Rocket Lab reschedules next Electron launch
LOS ANGELES — Rocket Lab announced May 25 it has rescheduled the next launch of its Electron small rocket for late June after correcting a problem that delayed an April launch attempt.
That launch, dubbed “It’s Business Time” by the company because this is the first commercial Electron launch after two test flights, is now scheduled for no earlier than June 22 (U.S. time) from the company’s New Zealand launch site. Four-hour launch windows, opening at 8:30 p.m. Eastern time, are available daily through July 5.
The company had planned to carry out the launch in April but postponed the launch after detecting a problem with a motor controller for a pump in one of the rocket’s nine first stage engines. At the time of that delay the company hoped to reschedule the launch for May, but diagnosing the problem took longer than expected.
“During the wet dress rehearsal we saw some really weird behavior in one of the motor controllers,” Peter Beck, chief executive of Rocket Lab, said in an interview. “We couldn’t quite explain it. It was one of these faults that had a really non-obvious root cause.”
Beck said that the company decided to stand down until they could find and correct the motor controller problem. “The fix was actually relatively simple,” he said, not elaborating on the technical details. “It’s a really a change to process rather than to hardware.”
Part of the rocket is already back at the launch site, he said, with the rest arriving by May 28 to begin pre-launch preparations. Beck said that the company made no other changes to the rocket while correcting the motor controller issue.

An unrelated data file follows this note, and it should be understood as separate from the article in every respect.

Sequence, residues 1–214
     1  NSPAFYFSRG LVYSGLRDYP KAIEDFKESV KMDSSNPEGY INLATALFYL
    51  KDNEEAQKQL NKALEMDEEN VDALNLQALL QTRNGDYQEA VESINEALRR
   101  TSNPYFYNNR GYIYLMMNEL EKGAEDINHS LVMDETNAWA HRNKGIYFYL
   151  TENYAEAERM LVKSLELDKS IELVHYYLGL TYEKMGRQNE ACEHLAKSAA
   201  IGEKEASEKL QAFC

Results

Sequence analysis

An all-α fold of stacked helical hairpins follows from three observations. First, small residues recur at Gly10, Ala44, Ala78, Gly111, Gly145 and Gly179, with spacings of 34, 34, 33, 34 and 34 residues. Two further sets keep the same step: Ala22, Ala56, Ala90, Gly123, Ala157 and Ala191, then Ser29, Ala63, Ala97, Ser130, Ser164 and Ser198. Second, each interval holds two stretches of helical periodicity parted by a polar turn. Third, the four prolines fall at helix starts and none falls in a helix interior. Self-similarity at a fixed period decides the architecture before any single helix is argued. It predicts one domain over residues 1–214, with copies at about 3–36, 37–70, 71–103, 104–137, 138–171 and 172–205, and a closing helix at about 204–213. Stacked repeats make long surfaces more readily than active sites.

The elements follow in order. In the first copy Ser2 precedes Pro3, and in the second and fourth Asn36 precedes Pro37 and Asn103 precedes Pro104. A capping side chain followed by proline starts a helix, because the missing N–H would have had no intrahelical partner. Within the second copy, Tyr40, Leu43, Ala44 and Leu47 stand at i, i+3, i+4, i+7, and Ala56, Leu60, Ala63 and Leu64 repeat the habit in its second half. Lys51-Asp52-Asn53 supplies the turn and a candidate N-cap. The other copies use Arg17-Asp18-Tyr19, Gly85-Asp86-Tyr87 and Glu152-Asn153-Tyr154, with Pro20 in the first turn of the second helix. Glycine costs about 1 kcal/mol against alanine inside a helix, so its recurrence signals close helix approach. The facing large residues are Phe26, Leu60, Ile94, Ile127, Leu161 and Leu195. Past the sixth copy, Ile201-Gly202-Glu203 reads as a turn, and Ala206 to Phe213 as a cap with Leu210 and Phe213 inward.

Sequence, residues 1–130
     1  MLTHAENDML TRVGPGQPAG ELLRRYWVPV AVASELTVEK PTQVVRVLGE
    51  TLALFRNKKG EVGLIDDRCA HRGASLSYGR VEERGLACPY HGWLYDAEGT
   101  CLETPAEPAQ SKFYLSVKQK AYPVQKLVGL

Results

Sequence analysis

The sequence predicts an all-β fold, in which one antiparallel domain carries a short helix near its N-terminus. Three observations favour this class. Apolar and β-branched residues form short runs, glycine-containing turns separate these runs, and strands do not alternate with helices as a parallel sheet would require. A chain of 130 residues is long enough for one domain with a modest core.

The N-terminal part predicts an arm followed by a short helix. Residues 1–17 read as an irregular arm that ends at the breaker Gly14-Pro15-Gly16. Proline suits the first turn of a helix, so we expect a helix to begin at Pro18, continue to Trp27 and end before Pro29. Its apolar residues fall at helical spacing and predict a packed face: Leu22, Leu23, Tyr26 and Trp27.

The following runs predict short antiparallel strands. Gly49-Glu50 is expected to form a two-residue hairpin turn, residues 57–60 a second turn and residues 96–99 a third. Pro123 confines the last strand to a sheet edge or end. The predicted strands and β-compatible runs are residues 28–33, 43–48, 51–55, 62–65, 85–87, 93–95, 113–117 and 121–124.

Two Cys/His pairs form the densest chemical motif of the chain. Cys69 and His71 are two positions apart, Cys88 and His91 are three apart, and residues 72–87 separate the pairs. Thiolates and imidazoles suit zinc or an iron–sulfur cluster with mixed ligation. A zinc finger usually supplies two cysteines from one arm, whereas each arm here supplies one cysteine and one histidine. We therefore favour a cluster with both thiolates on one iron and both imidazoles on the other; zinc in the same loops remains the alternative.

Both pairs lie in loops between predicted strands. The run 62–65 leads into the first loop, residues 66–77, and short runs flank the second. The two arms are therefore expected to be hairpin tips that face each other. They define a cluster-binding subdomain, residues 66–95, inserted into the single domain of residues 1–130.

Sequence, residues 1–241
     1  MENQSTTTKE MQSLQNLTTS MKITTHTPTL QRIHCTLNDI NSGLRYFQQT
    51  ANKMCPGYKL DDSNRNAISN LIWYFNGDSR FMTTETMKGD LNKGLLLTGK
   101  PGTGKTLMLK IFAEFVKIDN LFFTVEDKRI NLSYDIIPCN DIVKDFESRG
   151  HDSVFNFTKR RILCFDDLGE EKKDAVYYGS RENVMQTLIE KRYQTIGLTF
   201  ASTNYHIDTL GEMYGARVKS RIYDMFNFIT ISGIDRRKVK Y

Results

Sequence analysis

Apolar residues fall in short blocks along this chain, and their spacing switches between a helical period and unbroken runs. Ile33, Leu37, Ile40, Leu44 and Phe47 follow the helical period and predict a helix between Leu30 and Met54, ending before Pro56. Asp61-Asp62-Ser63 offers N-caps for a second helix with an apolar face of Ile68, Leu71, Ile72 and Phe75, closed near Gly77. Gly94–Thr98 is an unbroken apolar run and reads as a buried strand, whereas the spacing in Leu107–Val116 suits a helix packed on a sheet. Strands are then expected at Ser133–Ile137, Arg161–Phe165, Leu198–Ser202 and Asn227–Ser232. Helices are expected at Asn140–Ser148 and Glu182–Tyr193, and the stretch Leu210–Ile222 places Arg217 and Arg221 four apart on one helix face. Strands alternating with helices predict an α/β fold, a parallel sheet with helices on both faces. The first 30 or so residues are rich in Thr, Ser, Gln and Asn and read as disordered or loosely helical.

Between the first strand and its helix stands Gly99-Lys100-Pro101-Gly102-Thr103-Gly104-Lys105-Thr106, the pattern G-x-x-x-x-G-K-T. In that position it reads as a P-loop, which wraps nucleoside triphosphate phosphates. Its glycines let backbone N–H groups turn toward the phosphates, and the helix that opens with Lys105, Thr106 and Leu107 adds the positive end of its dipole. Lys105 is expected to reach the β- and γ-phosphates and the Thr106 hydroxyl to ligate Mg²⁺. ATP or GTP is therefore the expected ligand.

Rocket Lab did use the delay to add two more satellites to the vehicle. One, Irvine01, is an educational payload developed by the Irvine CubeSat STEM Program, an organization that includes six high schools in Southern California. The other is NABEO, a payload developed by High Performance Space Structure Systems GmbH that will test a deployable drag sail that can be used to deorbit satellites.
Beck said that Rocket Lab was already in discussions about flying those satellites on a later mission when the opportunity opened up to include them on this launch. The company has been building up capabilities to quickly do the necessary analysis for integrating payloads on its rockets.
Those payloads join three others previously manifested on the rocket. Two are Lemur-2 satellites from Spire and one is a satellite built by Tyvak Nano-Satellite Systems for GeoOptics. All the payloads will be launched into an orbit of 250 by 500 kilometers at an inclination of 85 degrees, after which a Rocket Lab kick stage will circularize the orbit.
Despite the delay, Rocket Lab is still planning to reach a cadence of one launch a month this year. Beck said that the next launch, for NASA’s Venture Class Launch Services program, will be “pretty close on the heels” of this launch, but the company hasn’t announced a launch date for that mission yet.